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Review: Gigabyte GeForce GTX 780 Ti GHz Edition

by Parm Mann on 29 November 2013, 10:15

Tags: Gigabyte (TPE:2376), NVIDIA (NASDAQ:NVDA)

Quick Link: HEXUS.net/qab5sr

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Frequency Finagling

Graphics card launches can be fascinating, but once you're past the architecture examinations and the reference-card reviews, you're then left waiting for something that's arguably more relevant: partner cards.

These custom-cooled derivatives are often factory overclocked for greater performance, and only once multiple SKUs are put under the microscope are we able to paint a clear picture of the overall landscape. Right now, we're still waiting for customised versions of AMD's Radeon R9 290X, but there's no hold up on the other side of the fence, where Nvidia's partners have been quick to jump on the GeForce GTX 780 Ti bandwagon with tailor-made cards of their own.

We've already seen Gigabyte and EVGA throw their hats in the ring with WindForce OC and SuperClocked ACX models, respectively, and truth be told, with said cards running at speeds of up to 1,085MHz, we weren't expecting anything better. At least not just yet. Well, we were wrong.

Say hello to Gigabyte's second factory-overclocked variant, the top-of-the-line GeForce GTX 780 Ti GHz Edition. On course to land at retail in the coming weeks, this super-clocked card is the cream of Gigabyte's crop and is aimed specifically at users who demand the very best single-GPU performance available.

A card that's able to promise such things typically doesn't come cheap, and the GHz Edition will be no exception. There's been no official word on MSRP just yet, but Gigabyte's latest and greatest is almost certain to arrive with a price tag that's the wrong side of £600. Somewhere around the £625 mark would be our best guess.

That's a whole lot of moolah, and the prudent PC gamer will rightfully point out that you could instead pick up a pair of GeForce GTX 770s and still pocket well over a hundred pounds in change. Yet, despite new competition from team red in the form of the £425 Radeon R9 290X, Nvidia and its partners still feel confident in charging top-dollar for the best GeForce offerings.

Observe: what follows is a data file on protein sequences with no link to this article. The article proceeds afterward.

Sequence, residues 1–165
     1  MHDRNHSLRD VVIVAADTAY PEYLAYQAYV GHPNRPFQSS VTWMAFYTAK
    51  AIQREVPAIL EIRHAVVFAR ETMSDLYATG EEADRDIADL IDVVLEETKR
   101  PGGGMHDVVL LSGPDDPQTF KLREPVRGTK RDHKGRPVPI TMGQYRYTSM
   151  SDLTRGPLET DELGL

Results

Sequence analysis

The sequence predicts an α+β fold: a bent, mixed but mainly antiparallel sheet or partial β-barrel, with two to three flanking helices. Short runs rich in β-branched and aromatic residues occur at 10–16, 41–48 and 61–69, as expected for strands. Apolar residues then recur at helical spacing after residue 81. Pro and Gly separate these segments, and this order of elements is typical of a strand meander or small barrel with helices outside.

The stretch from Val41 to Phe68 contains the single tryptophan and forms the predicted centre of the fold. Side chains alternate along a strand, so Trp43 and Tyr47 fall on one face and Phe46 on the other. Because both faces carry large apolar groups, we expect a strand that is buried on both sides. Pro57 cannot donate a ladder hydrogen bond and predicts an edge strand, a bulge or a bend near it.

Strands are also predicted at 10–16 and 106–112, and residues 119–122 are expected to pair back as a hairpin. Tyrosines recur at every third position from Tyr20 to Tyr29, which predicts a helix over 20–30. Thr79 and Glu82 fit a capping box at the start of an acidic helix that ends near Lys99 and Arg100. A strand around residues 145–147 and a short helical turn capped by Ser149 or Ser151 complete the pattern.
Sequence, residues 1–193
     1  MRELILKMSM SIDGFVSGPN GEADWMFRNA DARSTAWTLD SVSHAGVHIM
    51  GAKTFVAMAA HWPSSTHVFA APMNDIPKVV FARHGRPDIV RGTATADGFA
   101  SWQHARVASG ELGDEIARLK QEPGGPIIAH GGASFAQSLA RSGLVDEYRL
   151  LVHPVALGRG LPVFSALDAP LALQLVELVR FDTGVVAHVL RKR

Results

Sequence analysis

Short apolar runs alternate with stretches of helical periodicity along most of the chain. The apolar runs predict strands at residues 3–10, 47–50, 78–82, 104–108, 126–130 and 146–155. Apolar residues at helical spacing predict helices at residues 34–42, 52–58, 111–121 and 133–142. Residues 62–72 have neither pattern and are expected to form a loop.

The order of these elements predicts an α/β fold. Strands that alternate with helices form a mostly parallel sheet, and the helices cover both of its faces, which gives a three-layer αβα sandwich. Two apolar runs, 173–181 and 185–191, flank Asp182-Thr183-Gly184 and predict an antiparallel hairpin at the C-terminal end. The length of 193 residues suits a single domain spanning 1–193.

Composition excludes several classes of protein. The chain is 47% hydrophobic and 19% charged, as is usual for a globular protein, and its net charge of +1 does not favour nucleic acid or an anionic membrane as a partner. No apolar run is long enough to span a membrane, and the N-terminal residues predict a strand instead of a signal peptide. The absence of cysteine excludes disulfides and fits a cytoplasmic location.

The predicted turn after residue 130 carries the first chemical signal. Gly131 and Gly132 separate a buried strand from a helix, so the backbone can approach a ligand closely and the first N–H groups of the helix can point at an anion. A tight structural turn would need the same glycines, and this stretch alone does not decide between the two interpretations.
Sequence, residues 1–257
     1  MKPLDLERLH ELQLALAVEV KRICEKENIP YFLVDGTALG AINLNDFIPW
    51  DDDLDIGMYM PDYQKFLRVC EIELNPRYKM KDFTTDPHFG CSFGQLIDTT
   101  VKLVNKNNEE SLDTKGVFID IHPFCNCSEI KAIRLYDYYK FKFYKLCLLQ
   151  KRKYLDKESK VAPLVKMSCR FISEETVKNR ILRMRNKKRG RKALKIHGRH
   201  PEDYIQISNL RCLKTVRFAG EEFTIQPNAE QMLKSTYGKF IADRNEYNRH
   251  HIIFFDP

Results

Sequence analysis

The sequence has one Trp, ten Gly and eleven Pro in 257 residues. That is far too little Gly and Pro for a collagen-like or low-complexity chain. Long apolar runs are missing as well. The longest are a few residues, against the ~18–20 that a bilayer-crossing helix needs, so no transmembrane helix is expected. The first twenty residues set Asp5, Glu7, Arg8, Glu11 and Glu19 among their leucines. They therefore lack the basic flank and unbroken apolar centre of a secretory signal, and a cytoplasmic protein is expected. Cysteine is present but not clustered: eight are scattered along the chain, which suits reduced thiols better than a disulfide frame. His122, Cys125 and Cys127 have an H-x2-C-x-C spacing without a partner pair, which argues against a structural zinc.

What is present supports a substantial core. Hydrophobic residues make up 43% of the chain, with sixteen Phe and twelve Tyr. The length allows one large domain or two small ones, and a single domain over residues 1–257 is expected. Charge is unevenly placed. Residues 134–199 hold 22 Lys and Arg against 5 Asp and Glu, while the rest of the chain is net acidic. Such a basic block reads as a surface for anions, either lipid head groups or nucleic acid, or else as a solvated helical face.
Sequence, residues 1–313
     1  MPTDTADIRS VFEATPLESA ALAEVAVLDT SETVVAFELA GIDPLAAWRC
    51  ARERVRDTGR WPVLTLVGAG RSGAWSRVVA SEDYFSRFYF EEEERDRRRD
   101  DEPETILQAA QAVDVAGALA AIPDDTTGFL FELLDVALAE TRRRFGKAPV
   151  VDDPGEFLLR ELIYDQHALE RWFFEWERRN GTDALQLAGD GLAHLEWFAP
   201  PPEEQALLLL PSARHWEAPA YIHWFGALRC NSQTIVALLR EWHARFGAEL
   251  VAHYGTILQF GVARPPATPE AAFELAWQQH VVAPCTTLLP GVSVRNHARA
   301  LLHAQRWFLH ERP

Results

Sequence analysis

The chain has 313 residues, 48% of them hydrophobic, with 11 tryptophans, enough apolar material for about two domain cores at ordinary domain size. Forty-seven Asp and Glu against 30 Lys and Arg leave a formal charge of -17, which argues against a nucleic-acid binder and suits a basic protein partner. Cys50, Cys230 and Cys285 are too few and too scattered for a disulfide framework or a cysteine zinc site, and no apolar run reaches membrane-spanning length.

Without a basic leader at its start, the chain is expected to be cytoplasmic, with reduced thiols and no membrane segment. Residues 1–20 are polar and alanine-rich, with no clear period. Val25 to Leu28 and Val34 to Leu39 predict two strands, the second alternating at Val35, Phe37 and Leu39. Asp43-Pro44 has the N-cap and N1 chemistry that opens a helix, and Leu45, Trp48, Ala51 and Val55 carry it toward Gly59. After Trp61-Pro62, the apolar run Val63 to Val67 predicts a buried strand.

So what exactly does the GHz Edition have to offer? Well, at first glance the card could easily be mistaken for the existing WindForce OC model. You need to take a look around back to see the GHz Edition branding on a new PCB-encompassing rear plate that offers extra rigidity as well as a premium feel.

Real-World GTX 780 Ti Boost Frequency - Far Cry 3
 
Specified Boost (MHz)
Actual Boost (MHz)
Gigabyte GHz Edition
1,150
up to 1,228
Gigabyte WindForce OC
1,085
up to 1,137
EVGA SuperClocked ACX
1,072
up to 1,137
Nvidia Reference
928
up to 993

Gigabyte's continuing to use its tried-and-trusted triple-fan cooler, which incorporates two 8mm and four 6mm heatpipes, and claims to provide a 450W cooling capacity. We know from our time with the GTX 780 Ti WindForce OC that the cooler is well-tuned for low temperatures and low noise, but can it cope as well with the extra demands of the GHz Edition?

Let's cut to the chase. The reason this card sits at the top of the stack is core frequency, which officially is quoted as a 1,085MHz base clock and a lofty 1,150MHz boost clock. That's 24 per cent faster than reference right there, but as you well know, Nvidia's GPU Boost technology often has cards running in excess of what's stated on the specification. During benchmarks, we clocked the GHz Edition card racing along at a staggering 1,228MHz a lot of the time.

We're glad to see that Gigabyte hasn't gone over the top in terms of styling - the GHz Edition is still a dual-slot solution measuring 11.5in long - but that extra backplate does contribute to an above-average weight of 1,044g.

Elsewhere, power, as expected, is sourced from dual eight-pin connectors, and Gigabyte has an eight-phase internal power design to help deliver stable voltage.

Not a lot else has changed. The GDDR5 frame buffer remains untouched at 3GB in size and an effective 7,000MHz in speed, a pair of SLI connectors provide multi-GPU opportunities, and the outputs are in keeping with Nvidia's reference design. That means DVI-D, DVI-I, DisplayPort and HDMI are present, and four displays can be powered from the one card.

It's a shame Gigabyte hasn't overclocked the memory, but the core frequency alone should be enough to attract attention. 2,880 processors running along at up to 1,228MHz? This is the pinnacle of the Kepler Architecture, and though we're certain to see other extreme-clocked cards in the near future - Classified, Lightning and Super JetStream come to mind - we'd be surprised to see anything go quicker.

As is the case with all GeForce GTX 780 Ti cards, buyers are currently eligible for three free games - Assassin's Creed IV: Black Flag, Tom Clancy's Splinter Cell: Blacklist, and Batman: Arkham Origins - as part of an Nvidia promotion.

Yet, irrespective of the free games, the GeForce GTX 780 Ti GHz Edition isn't going to score favourably in terms of value for money. This card's whole reason for being is to tear up the benchmarks, so let's put it through its paces.